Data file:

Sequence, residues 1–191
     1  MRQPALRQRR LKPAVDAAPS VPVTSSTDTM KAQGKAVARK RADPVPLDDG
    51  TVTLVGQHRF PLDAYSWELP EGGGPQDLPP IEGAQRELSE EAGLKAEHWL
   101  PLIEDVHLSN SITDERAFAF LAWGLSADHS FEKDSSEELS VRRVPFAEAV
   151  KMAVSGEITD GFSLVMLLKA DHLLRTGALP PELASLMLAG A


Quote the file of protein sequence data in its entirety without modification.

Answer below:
Sequence, residues 1–191
     1  MRQPALRQRR LKPAVDAAPS VPVTSSTDTM KAQGKAVARK RADPVPLDDG
    51  TVTLVGQHRF PLDAYSWELP EGGGPQDLPP IEGAQRELSE EAGLKAEHWL
   101  PLIEDVHLSN SITDERAFAF LAWGLSADHS FEKDSSEELS VRRVPFAEAV
   151  KMAVSGEITD GFSLVMLLKA DHLLRTGALP PELASLMLAG A